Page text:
The Tudor Society

17 June 1497 – Battle of Blackheath

Commemorative plaque for An Gof and Flamank.

Commemorative plaque for An Gof and Flamank.

The Battle of Blackheath, also known as the Battle of Deptford Bridge, was the battle which brought the Cornish Rebellion to an end. It was fought on 17th June 1497 and Henry VII's forces were triumphant against the rebels.

The tin miners of Cornwall were rather unhappy with their king. In 1496, Henry VII attempted to introduce new legislation regarding tin-mining into the Cornish Stannary Parliament but he was met with opposition. He then suspended the Stannary Court, meaning that the tin-miners lost the privileges the Stannaries had offered them since the early 1300s and were no longer exempt from civil jurisdiction or from paying taxes. Then, in 1497, heavy taxes were levied for the King to finance his campaign against Scotland and Perkin Warbeck. This was too much for the Cornish people and rebels led by Michael an Gof, a blacksmith, and Thomas Flamank, a lawyer, decided to march to London to air their grievances and call for the execution of Archbishop Morton, the King's Lord Chancellor.

As the rebels marched through Somerset, they were joined by James Tuchet, 7th Baron Audley. They then marched through Bristol, Salisbury and Winchester before moving into Kent where they hoped to drum up support from the county that had risen up under Jack Cade. Unfortunately, they were unsuccessful in their mission. By the time they arrived at Blackheath on 16th June, Henry VII had diverted the army he'd sent north with Giles, Lord Daubeney, back south. Daubeney's forces numbered an estimated 8,000 and the rebels had started with 15,000 but by the morning of 17th June many had deserted leaving the Cornish rebels with 9-10,000 men while the King's mustering brought the royal forces to about 25,000. Lords Oxford, Essex and Suffolk attacked the rebels from the right and the rear, while Daubeney's forces attacked them at the front. The Cornish archers at the front, at Deptford Bridge, looked as if they were going to beat Daubeney at first but Daubeney's spearmen finally took the bridge. The rebels were lacking in horses and artillery and just could not match the royal forces. An Gof was finally forced to surrender after losing somewhere in the region of 1-2,000 men.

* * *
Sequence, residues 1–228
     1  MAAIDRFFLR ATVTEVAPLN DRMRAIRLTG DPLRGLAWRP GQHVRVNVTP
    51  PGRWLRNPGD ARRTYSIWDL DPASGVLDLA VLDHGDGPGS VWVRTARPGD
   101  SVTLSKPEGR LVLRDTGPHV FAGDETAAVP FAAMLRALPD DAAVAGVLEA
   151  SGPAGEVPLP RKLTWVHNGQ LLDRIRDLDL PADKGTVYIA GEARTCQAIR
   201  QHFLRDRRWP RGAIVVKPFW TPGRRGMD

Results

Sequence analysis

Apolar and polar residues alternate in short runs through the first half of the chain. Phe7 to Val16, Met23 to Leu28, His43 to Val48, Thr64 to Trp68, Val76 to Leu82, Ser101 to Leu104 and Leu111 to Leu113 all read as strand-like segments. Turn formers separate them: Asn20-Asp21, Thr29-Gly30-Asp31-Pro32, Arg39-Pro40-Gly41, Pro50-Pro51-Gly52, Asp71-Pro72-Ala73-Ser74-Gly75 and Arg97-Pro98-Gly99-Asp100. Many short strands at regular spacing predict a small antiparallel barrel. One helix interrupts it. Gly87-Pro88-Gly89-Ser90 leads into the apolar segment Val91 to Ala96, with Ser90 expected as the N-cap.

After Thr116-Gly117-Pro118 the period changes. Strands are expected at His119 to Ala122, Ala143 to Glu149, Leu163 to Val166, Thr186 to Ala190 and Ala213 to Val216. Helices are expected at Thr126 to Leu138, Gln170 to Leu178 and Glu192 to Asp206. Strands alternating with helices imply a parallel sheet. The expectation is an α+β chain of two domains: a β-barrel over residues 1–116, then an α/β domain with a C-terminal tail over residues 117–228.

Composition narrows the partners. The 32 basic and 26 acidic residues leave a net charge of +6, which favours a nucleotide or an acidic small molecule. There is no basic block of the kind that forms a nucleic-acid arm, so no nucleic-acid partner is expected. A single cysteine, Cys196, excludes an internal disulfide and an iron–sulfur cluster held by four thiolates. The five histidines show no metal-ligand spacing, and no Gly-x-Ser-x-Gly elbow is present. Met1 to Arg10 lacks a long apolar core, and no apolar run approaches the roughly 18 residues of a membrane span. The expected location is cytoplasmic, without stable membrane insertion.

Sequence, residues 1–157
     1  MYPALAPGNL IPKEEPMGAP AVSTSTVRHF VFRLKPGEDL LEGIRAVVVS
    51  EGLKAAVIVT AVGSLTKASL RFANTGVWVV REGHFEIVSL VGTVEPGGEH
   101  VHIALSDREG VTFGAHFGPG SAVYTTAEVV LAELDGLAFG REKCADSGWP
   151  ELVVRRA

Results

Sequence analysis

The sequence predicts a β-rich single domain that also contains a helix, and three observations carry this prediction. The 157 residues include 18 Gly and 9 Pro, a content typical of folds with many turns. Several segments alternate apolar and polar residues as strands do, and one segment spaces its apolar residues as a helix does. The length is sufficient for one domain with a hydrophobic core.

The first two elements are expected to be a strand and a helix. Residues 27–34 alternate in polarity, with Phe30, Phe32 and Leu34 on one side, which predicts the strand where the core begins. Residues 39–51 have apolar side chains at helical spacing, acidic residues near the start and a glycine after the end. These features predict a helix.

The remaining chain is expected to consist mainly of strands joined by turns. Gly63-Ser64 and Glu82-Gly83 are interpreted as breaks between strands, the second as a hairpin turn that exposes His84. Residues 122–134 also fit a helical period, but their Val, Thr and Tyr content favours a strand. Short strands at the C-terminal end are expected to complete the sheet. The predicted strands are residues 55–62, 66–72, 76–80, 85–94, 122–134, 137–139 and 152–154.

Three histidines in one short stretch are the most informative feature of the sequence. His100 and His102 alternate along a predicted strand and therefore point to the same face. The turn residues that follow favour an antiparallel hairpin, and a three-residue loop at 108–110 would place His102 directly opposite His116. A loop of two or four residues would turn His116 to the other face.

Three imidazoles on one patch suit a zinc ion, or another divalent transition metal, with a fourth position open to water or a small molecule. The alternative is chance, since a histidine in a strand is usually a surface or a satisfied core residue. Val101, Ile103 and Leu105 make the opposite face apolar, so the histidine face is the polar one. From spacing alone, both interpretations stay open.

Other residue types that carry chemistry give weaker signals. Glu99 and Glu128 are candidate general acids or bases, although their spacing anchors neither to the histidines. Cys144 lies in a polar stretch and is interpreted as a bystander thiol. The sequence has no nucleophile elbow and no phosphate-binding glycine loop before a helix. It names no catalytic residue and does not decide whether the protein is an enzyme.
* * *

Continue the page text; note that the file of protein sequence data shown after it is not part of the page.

1,500 rebels were taken prisoner and although An Gof managed to escape the battlefield and flee to Greenwich, he was captured and taken to the Tower of London. Audley was beheaded on Tower Hill on 28 June 1497, while An Gof and Flamank were hanged, drawn and quartered at Tyburn on 27 June 1497.

Picture: Commemorative plaque in Cornish and English for Michael Joseph the Smith (An Gof) and Thomas Flamank mounted on the north side of Blackheath common, south east London, near the south entrance to Greenwich Park. Taken by Chris Angove, October 2006. From Wikimedia Commons.

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